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Syngas success story

Boston-based Ze-gen Inc. is using material—such as non-recyclable plastic and carpet fiber that would typically end up in landfills—as feedstock in its liquid metal gasification technology and is now successfully producing high quality syngas.

By Tony Kryzanowski


The raw material used in the Ze-gen process is mostly biomass material and is processed to very specific quality standards by the company's suppliers. The company then blends the material in accordance with its proprietary formula.

Many success stories in alternative energy have resulted from finding value in waste streams or turning a challenge on its head to reveal an opportunity. The development of liquid metal gasification technology by Boston-based Ze-gen Inc. is a prime example of that.

Syngas has long been known as an unwanted byproduct in ore purification processes like steel production. Ze-gen investigated what caused the production of syngas and how it could be enhanced instead of diminished. The company discovered that liquid metal could be used as a catalyst to manufacture high volumes of energy-rich syngas from material typically discarded in landfills. Although there are many well developed and proven gasification and pyrolysis processes already in existence, Ze-gen seems to have found its own niche in the liquid metal gasification realm.

“I don’t think there are a lot of people that are doing what we are doing,” says company founder and CEO, Bill Davis. “I know of a couple of companies that work with other metals and other feedstock under different conditions, but I don’t know of anyone who is approaching this the way we are. I would say that it is a very old technology idea, and we have a new application for it.”

The production of syngas when organic impurities come into contact with molten liquid metal has been an ongoing challenge for metal purifiers for centuries. The unwanted gas is typically flared.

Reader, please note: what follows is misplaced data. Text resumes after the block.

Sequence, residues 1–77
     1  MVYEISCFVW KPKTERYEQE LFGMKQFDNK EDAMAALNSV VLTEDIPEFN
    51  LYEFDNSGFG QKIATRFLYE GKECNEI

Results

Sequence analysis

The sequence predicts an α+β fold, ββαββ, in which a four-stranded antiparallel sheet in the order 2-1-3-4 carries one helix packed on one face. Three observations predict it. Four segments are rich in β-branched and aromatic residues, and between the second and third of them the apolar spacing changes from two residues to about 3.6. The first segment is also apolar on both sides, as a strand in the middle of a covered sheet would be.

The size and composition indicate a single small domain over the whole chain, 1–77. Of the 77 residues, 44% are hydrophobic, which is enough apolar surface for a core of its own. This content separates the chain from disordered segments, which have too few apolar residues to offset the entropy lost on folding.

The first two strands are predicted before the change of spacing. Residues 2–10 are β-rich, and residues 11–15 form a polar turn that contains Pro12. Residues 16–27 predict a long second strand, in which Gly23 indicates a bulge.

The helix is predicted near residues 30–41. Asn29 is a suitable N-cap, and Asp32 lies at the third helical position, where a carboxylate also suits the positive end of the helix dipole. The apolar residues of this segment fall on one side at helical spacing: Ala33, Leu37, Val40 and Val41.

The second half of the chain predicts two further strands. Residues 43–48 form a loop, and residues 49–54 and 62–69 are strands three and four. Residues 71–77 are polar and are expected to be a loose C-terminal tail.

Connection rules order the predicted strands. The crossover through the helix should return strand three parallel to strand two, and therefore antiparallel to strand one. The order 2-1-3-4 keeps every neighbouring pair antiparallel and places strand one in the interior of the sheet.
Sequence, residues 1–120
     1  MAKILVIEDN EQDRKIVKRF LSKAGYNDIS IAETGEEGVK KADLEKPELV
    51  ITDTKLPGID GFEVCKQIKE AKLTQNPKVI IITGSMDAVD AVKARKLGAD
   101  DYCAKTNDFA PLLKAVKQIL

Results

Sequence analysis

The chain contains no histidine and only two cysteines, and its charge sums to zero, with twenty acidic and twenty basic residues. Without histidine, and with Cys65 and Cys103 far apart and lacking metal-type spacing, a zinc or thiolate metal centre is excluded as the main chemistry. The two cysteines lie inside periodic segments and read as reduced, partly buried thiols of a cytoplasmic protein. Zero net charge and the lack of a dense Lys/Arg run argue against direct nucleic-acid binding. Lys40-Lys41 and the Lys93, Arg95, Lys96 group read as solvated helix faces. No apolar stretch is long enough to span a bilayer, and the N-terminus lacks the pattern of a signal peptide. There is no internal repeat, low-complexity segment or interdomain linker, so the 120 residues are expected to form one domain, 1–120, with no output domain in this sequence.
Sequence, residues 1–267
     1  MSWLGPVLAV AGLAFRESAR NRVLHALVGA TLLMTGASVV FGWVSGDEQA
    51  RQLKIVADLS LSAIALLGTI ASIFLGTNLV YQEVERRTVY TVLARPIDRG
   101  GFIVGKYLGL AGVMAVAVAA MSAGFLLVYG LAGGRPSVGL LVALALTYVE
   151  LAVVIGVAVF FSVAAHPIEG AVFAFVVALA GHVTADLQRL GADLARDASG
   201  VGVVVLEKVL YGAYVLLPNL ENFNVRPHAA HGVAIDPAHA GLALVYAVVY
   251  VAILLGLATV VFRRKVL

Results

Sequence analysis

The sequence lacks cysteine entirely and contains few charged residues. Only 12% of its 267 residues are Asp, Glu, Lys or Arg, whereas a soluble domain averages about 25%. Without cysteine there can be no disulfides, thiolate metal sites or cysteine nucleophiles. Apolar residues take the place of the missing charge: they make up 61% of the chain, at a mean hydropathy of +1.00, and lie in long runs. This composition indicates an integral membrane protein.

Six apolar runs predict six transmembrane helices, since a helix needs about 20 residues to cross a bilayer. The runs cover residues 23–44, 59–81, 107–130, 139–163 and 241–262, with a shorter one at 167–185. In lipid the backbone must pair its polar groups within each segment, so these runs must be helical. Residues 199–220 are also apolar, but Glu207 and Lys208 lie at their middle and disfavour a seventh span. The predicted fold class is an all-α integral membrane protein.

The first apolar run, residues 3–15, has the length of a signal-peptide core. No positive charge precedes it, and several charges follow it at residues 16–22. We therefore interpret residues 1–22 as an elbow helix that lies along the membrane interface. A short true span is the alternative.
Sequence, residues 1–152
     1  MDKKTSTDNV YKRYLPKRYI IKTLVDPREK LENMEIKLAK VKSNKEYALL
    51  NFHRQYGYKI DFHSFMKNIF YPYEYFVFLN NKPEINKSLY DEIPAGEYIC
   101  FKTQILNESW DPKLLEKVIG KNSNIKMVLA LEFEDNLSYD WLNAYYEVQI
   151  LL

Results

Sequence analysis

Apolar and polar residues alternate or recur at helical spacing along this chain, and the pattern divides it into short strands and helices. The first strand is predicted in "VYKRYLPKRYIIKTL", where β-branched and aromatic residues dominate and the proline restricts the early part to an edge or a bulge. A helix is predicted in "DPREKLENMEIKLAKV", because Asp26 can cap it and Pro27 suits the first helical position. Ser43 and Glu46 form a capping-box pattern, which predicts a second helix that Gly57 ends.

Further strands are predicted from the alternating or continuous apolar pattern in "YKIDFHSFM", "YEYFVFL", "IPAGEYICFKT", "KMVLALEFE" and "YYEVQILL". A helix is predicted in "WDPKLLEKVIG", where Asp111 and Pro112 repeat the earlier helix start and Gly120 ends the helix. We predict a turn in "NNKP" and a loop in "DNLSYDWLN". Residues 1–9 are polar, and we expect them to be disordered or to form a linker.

“Foundries involved in ore purification discovered a long time ago that liquid metal acts as a catalyst and causes organic impurities to bubble up as syngas,” says Davis. “We thought to ourselves that if we just invert the inputs and outputs of the process, we can actually end up with a good approach to making syngas at a low cost.”

In other words, the company has developed a process where adding a specific recipe of both inorganic and organic waste products to a liquid copper bath, in the range of about 2300 degrees Fahrenheit, produces an energy-rich syngas stream.

The company chose liquid copper as the catalyst because Davis says it is somewhat forgiving. It can be easily converted from a solid to a liquid and back to a solid, which is not easily accomplished with other metals like iron, and it has a low melting point.

“We like the combination between the melting point of copper and the flexibility to manipulate the pre-conditions of the metal,” says Davis.

Ze-gen’s method can be broken down into three steps. These are feed and material handling, liquid metal gasification, and gas cleanup and conditioning.

The raw material used in the Ze-gen process is mostly biomass material, non-recyclable plastic and carpet fibre that would typically end up in landfills. When processed to very specific quality standards by the company’s suppliers, gasification of these materials can deliver a high quality syngas.

“We have fairly rigid expectations around the pre-processing of feed materials,” says Davis. “In fact, our commercialization efforts don’t involve working with mixed waste, but rather involve working with individual waste streams and then blending them ourselves in accordance to our proprietary formula. The feedstock is not blended when it comes to us, so this allows us to maintain very strict control over the chemical composition of what is coming into our plant.”

He adds that the technology will work with a variety of feedstocks, but for the time being, Ze-gen is focusing on those that will most easily lead to commercialization.

Natural gas, propane, or electricity can be used initially to melt the copper metal. After initial start-up, limited external energy input is required to keep the metal in a molten state, because once the feedstock is added, the gasification reactions within the chamber provide much of the ongoing heat requirement of the process. The internal temperature increases rapidly once the waste material comes into contact with the liquid bath, resulting in an energy efficient process. Oxygen is also added as part of the conversion process, depending on the feedstock being used.

Prior to investing in the development of this gasification process, Ze-gen took a close look at existing gasification technologies and the challenges that each faced. They discovered that what had been developed to date were either low temperature or high temperature gasifiers. The problem with low temperature gasification is the formation of tar in the syngas. The problem with high temperature gasification is the high energy costs associated with producing the syngas.